In today's fast-paced, highly competitive business world, extroverts, with their people skills and outgoing personalities, tend to stand out and are often the first employees to be promoted, get the best work assignments, and receive the top salary increases. In all the excitement, introverts are quietly getting things done, often without much recognition.
Kristine Latchaw, CPA, knows how they feel because she views herself as an introvert too.
"I used to be very shy, and I feel I am not a polished conversationalist, so I often feel awkward in social situations," she said. "I need a lot of time to myself, including time away from work to feel rested."
In her role as firm manager of Maner Costerisan in Lansing, Mich., for the past eight years, Latchaw has found a comfort level in dealing with people. Spending most of her days interviewing, hiring, and managing employees, she feels a special empathy for the introverts in her firm and works hard to help them reach their full potential. One easy method is to simply spend time with them.
"As a leader and people manager, it is important to get to know your employees," Latchaw said. One-on-one meetings and individual coaching will help you determine what motivates them and can foster strong relationships.
"Invest in your introverted staff and connect with them in a way that gives them confidence," she said. That valuable investment of time will allow you to harness their expertise and encourage a strong work ethic.
Latchaw and other management experts provide tips on how to motivate introverted employees and bring out the best in them.
Build a diverse workforce. Building an effective team starts with the hiring process. "Accounting is a profession that lends itself to both introverts and extroverts," said Gina Golden, senior director, national learning and professional development at RSM US LLP in Boston. She added the most effective teams are composed of employees who display diverse working styles and different ways of thinking. This blending of styles and personalities also gives employees the opportunity to grow and learn from one another. "It is actually easier and more fun to manage a team of people who display diverse styles than those who are all the same," Golden said.
Provide clear expectations. Introverts, who often prefer to work independently, may not engage with managers or co-workers on their projects. Therefore, managers should always be clear about expectations from the beginning, according to Fintan O'Toole, an independent human resources consultant with the HR Dept in South London. "Outline your expectations, set clear goals, and be specific," he said. For example, instead of instructing your introverted employees to complete more work, tell them which tasks you would like them to complete in a designated time frame. Then give them the space to do it.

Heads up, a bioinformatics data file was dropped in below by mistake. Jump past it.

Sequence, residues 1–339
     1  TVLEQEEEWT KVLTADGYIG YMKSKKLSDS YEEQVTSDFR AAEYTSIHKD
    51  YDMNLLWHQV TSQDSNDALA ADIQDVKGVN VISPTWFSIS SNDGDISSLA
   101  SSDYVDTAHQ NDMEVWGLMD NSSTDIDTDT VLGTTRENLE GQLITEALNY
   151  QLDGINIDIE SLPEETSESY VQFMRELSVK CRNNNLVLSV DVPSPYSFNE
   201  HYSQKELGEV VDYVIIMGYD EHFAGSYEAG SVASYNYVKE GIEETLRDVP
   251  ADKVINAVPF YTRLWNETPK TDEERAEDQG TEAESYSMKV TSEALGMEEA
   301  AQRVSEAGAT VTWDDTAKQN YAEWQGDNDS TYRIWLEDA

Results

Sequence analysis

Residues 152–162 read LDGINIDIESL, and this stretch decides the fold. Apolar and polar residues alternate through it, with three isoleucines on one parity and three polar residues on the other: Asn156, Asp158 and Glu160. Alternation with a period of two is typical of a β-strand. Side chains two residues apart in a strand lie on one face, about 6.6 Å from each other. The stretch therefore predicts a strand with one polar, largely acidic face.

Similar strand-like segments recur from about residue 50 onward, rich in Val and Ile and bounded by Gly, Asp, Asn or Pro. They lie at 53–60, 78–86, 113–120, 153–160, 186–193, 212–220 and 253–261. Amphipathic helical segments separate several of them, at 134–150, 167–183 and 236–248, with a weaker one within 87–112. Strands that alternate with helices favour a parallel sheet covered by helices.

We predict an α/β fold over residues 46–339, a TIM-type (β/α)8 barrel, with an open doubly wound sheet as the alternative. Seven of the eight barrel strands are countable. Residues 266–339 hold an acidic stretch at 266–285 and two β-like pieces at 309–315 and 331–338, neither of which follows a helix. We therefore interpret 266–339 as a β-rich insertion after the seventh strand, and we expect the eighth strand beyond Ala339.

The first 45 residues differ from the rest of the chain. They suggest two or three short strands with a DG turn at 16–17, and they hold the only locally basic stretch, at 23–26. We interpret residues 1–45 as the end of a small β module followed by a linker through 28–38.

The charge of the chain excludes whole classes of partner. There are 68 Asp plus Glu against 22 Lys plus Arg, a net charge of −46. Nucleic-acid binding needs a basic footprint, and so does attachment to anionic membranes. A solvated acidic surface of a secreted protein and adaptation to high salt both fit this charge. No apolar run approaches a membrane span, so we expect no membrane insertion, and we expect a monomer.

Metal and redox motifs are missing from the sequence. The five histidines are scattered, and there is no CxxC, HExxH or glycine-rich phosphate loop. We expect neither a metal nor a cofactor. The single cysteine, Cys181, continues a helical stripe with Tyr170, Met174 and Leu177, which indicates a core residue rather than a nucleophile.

Prepare them for group interaction. Typically, introverts are not the first to speak up in meetings or give immediate feedback during discussions. But this doesn't mean they are disengaged or not interested. They often need time to think and process information before responding to questions or contributing to problem-solving exercises, according to Latchaw. "Help them prepare for meetings by giving them an agenda in advance and schooling them on the nature of the discussions," she said. In meetings, be sure to give the introverts in the room time to process discussions and respond without being overshadowed by the extroverts, who may be more eager to express their opinions. After meetings, it may be helpful to meet one-on-one with the more introverted employees to gauge their feedback and receive their ideas in a quieter setting.
Help them be their best selves. Introverts, by nature, are introspective and don't like to draw attention to themselves. A perceptive manager will understand this and will help them feel successful by asking them to look inside themselves and describe what would make them feel good about their work. O'Toole described a comfortable way to get introverted employees to visualize success by imagining they are sitting around a fire at year's end, enjoying a drink and reminiscing about the positive aspects of the year gone by. "Talk about specific things that happened during the year to make it successful," he said. "This helps employees acknowledge the good things they did both at work and in their personal lives." As a follow-up, discuss what they want to accomplish in the coming year. "Looking back, while also looking forward, will help them put things in perspective," O'Toole said.
Golden believes recognizing individual personality types will help managers create an environment where employees can perform at a high level, whether they are introverts or extroverts. "Look at how they prefer to work and interact with others. Ascertain their style. Give everyone a part to play," she said. "This will allow them to feel valued and a part of the team."
Teri Saylor is a freelance writer based in North Carolina. To comment on this article or to suggest an idea for another article, contact Chris Baysden, a JofA associate director, at Chris.Baysden@aicpa-cima.com.